Kevin Charleston:

I think as we've kind of evolved in the last two or three years is we have to pick our opportunities, because a lot of them come at you. Whether you're hiring somebody or whether you are trying to buy another book of business or whatever those opportunities are, there's only so much time in a day. If you take that opportunity on, you make those people part of your world and you're responsible for them, and if you don't give them everything you have or your team, I don't think we fully capitalized on a lot of our opportunities that we took on. Now we're getting better at it as we've gotten more mature as an agency. I think the biggest thing that we struggle with, and I say that from the last three or four years of perspective is when we take on hiring somebody, we're sitting there interviewing somebody and we make them part of our circle.

Kevin Charleston:

We have to give them the best version of ourself. That goes back to Roger, when I started with Roger 25 years ago or whatever it was, that if you take them, you're responsible for them. They're a part of your circle and we've got to make sure we give them what they need to be successful, whichever opportunity whether you bought an agency or you hired somebody or whatever that is, we struggle sometimes. We get a little scattered and we need to make sure that we give them everything we can to make them successful. We don't want somebody to walk away and didn't feel like they got our best effort to make them successful. Whatever path they chose at that point is on them. That's one of the things we struggle, a lot of opportunities start coming as you grow and how you pick those is critical.

Brent Kelly:

Let me ask or go a little deeper on that because I think you hit it right on. We kind of joke about the fact, but there's truth to it. One of the greatest enemies to success is success and the fact that it does provide more opportunities, more people want to talk to you know, which is great, right but also then you got to be more selective. Right. I think what you're hitting on is being more focused on doing the right things, amidst all the stuff that's coming your way, right. Because when you're getting started, every opportunity's decent because you're just trying to survive and grow and do that. Then at some point you got to get choosier. I'm going to ask you, how do you and your team, Kevin, how do you stay focused on knowing on this is really important, this isn't, or at least it's not at the top of the list. How do you pick those battles?

Kevin Charleston:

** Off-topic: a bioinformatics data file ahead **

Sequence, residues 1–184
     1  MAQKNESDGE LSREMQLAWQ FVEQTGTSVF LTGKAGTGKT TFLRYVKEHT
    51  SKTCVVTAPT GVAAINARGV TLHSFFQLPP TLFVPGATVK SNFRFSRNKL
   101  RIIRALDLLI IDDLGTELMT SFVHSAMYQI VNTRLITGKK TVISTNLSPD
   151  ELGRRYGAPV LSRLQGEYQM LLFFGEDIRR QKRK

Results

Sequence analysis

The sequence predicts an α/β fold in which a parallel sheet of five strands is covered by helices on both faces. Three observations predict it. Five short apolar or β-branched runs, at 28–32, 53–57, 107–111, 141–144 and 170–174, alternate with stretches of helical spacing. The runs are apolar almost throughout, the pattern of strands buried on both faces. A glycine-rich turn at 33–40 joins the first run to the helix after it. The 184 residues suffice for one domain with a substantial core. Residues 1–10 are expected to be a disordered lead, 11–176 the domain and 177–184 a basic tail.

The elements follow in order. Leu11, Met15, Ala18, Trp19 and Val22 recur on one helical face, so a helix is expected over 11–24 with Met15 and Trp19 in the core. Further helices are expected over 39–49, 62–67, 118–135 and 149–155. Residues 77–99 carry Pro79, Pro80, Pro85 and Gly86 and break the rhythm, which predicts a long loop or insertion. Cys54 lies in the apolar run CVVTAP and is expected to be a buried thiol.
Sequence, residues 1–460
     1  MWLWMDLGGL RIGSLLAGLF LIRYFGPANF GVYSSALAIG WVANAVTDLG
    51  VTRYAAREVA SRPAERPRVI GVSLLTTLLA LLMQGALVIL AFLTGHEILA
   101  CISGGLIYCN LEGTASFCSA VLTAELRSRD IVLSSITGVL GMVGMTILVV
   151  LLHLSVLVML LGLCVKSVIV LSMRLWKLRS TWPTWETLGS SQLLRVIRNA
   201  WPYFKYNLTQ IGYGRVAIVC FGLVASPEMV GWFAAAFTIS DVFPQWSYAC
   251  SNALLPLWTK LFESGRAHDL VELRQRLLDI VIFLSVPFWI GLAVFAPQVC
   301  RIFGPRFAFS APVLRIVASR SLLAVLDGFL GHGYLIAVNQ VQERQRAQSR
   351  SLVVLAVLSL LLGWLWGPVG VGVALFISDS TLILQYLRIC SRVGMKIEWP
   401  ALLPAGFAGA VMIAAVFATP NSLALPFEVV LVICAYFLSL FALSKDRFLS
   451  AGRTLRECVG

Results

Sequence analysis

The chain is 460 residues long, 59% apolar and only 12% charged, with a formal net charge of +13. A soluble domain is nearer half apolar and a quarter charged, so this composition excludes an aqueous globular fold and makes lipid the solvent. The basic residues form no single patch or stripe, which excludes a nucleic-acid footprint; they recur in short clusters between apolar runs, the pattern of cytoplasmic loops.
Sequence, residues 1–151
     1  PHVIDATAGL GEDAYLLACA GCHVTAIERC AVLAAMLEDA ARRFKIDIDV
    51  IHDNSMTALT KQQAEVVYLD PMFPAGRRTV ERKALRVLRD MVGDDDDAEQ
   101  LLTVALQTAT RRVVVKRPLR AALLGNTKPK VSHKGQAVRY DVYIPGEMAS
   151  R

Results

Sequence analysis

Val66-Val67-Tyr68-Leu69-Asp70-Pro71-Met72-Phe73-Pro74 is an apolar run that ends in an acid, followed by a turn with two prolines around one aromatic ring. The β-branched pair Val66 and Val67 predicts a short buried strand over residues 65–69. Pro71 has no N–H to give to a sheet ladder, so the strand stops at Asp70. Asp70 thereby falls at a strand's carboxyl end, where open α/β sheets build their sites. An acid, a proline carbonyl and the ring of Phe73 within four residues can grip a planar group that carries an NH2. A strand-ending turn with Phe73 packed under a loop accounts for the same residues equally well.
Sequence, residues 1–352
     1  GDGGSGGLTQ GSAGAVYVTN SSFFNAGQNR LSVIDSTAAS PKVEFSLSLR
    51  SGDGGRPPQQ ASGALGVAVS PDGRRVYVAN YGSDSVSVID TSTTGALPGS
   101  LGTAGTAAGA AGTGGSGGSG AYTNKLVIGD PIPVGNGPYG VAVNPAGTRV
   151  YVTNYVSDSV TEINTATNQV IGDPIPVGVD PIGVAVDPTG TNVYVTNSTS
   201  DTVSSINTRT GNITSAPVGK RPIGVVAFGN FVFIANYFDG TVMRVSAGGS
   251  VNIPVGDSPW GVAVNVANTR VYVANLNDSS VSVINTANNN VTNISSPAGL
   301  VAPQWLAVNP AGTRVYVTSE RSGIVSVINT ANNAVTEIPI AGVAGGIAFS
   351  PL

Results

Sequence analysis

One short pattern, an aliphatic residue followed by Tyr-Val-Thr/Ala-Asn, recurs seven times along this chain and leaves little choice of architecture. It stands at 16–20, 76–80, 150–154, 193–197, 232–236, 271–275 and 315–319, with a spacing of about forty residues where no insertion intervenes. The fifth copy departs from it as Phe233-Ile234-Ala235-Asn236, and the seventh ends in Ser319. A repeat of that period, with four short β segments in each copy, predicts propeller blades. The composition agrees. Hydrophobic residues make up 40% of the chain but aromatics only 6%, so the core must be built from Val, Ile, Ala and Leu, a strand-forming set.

We start every Monday morning at 8:15 or nine o'clock. We all, the departments all get together and talk about what's going on, what direction and seems like a really tough hour of the day but it allows me to get a feel for what's going on and how we've started to really handle it, I think it's helped us is we're very departmentalized now. Those teams focus on what they do and they do what they do and that's what they do and they stay in their lane. That's probably gave us more ability to train people, to bring people in, to look at, to really dial in and figure out which piece is working, which piece isn't. We talked, Chance helps me a lot and you work with Chance a lot. If you go three places and it smells bad, it might be you.

Brent Kelly:

Yeah good point.

Kevin Charleston:

As we've added new offices, as we added staff at other locations, we were perplexed and confused and then we figured out it was us. We figured how to kind of redirect some of the energy. It's been good though. We try and invest in people. This is strictly a people business period. That's all it is at the end of the day. We're protecting people's assets, but we're doing it with people in the middle. I think we're about as much a people business as there is. We just trying to pick the right people to invest in and the rest will follow as long it's in our lane of what we do.

Brent Kelly:

Yeah. Yeah. First of all, I love the quote there or whatever. Yeah, I was talking to someone who was joking to me. He's like, "I got married for the fourth time. I figured the fourth time, maybe it was me," and it's kind of what you were saying there with the agency and yeah. Listen, I think it's a challenge again, whether it's you, any other agency leader, really anybody, right that's trying to move forward in business. It's a challenge to say, "Hey, listen, you know what? I got to be honest. One of the problems is me." I think what you addressed, Kevin, which I appreciate and applaud is the fact that as individuals and you've heard us talk so many times, even back from the Dan Sullivan strategic coach program that Roger and I have been through, and we facilitate so to speak. At least we discuss the concepts of unique abilities.